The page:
Cognitive decline can be permanent or, in some cases, temporary. The latter may be seen in people with severe infections, fevers, and liver disorders that cause high ammonia levels that may affect brain function. Here are some of the most common symptoms of cognitive decline and how you can help your senior loved one manage them.
If you notice a change in your loved one’s personality, it may signal the beginning of cognitive decline. Personality changes may be the result of frustration because your loved one is unable to remember things, which may lead to feelings of sadness, depression, anxiety, and isolation. If you’re used to seeing your loved one in good spirits and then all of a sudden notice he or she lashes out, cries frequently, or exhibits aggressive behavior, make an appointment with the doctor who will evaluate your loved one’s cognitive function to determine if he or she is in the early stages of Alzheimer’s disease or other type of dementia. The doctor may also investigate physical causes for cognitive decline such as a urinary tract infection or medication side effects.
Personality changes and irritability are the most common symptoms of cognitive decline. Seniors can face a variety of challenges as they age, many of which can be mitigated with the help of professional in-home caregivers who provide high-quality home care. Mesa families trust Home Care Assistance to help their elderly loved ones age in place safely and comfortably.
Your loved one may be forgetting to eat, causing his or her weight to decrease. At the first sign of weight loss, bring your loved one to the physician for a checkup. Forgetting to eat can lead to severe weight loss and cause nutritional deficiencies and muscle wasting.
Both urinary and fecal incontinence may be signs of cognitive decline. Your loved one forget to use the bathroom or, because cognitive decline may make the brain unable to receive sensations from the bladder and bowel, he or she may not recognize the urge to use the bathroom. The doctor will need to determine if incontinence is the result of psychological changes or if there is a physiological reason for it. Further evaluation may be needed, so the primary physician may refer your loved one to a neurologist, urologist, or gastroenterologist.
Keeping track of a loved one’s health can be exhausting and stressful. Family caregivers need to care for their own wellbeing. If you’re caring for an aging loved one and are feeling overwhelmed, consider hiring a professional caregiver to provide respite care. Mesa families who want to prevent burnout can turn to Home Care Assistance. One of our professional caregivers can assist your loved one at home while you take a nap, go to work, run errands, or go on vacation.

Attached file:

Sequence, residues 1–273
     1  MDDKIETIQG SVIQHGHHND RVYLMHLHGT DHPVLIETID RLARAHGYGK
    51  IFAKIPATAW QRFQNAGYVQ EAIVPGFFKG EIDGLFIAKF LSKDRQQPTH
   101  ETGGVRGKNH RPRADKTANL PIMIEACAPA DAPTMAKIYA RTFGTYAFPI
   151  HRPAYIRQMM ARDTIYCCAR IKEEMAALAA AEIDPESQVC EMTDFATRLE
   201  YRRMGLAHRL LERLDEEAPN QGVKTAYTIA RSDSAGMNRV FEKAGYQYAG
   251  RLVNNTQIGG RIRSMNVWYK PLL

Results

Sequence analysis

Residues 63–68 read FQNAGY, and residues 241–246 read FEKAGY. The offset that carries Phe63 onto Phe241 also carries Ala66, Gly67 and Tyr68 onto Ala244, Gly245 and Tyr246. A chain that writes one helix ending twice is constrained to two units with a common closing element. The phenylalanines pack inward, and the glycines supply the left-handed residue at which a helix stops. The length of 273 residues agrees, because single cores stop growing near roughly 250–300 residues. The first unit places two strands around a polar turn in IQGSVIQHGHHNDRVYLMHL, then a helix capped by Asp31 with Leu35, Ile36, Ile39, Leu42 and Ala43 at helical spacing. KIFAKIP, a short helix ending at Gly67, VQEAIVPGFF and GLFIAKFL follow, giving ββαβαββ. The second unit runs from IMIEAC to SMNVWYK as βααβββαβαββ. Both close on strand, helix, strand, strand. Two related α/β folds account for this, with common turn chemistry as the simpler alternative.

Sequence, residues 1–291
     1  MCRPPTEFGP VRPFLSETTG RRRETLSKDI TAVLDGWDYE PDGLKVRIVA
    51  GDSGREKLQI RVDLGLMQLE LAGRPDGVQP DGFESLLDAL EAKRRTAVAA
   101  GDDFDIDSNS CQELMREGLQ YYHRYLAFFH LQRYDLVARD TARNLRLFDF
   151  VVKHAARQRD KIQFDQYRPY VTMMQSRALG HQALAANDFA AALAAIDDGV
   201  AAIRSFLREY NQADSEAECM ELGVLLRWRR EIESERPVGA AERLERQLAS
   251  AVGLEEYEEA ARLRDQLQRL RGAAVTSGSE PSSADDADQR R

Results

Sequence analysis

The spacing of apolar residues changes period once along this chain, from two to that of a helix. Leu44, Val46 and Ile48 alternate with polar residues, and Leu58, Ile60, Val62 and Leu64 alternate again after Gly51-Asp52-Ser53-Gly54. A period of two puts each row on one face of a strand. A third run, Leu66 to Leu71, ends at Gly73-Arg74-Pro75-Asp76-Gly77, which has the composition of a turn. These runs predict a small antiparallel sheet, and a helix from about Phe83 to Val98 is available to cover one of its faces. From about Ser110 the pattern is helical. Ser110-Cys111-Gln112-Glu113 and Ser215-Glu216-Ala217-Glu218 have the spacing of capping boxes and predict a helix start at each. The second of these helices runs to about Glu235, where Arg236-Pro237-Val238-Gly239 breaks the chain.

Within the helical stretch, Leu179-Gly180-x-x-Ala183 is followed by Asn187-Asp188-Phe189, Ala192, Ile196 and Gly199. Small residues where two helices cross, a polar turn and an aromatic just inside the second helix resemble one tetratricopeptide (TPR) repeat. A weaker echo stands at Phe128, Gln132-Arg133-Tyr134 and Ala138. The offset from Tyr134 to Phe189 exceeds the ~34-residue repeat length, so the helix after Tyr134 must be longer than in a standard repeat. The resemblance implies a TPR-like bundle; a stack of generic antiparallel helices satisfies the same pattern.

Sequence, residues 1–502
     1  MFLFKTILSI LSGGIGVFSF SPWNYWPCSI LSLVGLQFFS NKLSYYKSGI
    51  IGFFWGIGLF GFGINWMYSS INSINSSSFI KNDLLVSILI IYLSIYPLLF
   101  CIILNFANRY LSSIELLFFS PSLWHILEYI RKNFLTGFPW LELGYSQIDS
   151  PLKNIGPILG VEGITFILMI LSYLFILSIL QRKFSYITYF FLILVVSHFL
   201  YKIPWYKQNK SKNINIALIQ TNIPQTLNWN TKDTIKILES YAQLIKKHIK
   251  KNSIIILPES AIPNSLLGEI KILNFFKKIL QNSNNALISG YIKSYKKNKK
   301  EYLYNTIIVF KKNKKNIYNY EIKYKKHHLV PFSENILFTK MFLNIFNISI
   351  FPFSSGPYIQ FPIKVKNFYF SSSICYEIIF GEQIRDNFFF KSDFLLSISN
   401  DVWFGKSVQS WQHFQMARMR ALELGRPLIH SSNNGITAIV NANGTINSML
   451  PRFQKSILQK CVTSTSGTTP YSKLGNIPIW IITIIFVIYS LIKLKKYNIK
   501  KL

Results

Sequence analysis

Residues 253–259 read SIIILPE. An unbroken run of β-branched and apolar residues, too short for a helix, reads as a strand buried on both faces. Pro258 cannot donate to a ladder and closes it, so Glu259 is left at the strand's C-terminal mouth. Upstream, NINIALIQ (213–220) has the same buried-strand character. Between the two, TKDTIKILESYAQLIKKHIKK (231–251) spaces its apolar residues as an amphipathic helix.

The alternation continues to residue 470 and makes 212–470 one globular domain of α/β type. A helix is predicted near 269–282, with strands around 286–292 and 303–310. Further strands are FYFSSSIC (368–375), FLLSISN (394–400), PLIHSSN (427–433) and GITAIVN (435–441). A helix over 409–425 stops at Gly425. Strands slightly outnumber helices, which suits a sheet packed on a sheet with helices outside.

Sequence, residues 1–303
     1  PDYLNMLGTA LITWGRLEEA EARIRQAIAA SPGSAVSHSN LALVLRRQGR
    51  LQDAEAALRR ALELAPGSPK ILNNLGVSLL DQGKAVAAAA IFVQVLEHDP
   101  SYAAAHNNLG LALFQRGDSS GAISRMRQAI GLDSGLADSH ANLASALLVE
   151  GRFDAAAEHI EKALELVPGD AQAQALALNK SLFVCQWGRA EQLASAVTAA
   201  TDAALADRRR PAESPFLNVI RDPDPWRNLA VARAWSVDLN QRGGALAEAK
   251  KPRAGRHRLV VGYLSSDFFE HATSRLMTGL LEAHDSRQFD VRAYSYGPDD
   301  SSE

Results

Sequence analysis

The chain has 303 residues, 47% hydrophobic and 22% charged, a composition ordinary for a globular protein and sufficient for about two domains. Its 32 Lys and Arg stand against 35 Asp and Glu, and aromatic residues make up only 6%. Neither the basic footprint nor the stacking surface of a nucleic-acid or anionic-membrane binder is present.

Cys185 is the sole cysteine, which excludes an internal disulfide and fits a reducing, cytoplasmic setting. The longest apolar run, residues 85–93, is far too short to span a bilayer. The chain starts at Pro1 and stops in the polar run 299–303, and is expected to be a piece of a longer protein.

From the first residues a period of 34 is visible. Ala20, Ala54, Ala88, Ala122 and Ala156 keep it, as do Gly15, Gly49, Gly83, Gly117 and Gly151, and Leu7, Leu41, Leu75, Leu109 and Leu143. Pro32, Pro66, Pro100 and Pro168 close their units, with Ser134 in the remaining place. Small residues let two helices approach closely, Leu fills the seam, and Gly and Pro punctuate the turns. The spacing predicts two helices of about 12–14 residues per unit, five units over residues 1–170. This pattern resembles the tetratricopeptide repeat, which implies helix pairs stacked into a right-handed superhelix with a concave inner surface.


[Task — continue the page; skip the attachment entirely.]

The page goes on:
If your loved one repeats his or her thoughts during a conversation, cognitive decline may be the reason. Your loved one may forget that his or her thoughts have already been expressed and verbalize them again and again during the same conversation. While a gentle reminder may be effective in eliminating repetitive patterns, it may agitate or embarrass your loved one. If you feel the need to remind your loved one that he or she has already mentioned a specific thought, remind him or her in private, not in front of other people, to avoid further emotional distress and excessive repetitive speech patterns.
Without proper training and skills, it may be difficult to stay abreast of your parent’s symptoms. If you’re the primary family caregiver for a senior loved one living in Mesa, live-in care is available if your loved one’s health has become too difficult to manage without professional expertise. At Home Care Assistance, we take measures to help seniors prevent illness and injury by assisting with exercise and mobility, preparing nutritious meals, helping with bathing and other personal hygiene tasks, and much more. Call (480) 699-4899 today to speak with a Care Manager and formulate the optimum home care plan for your loved one.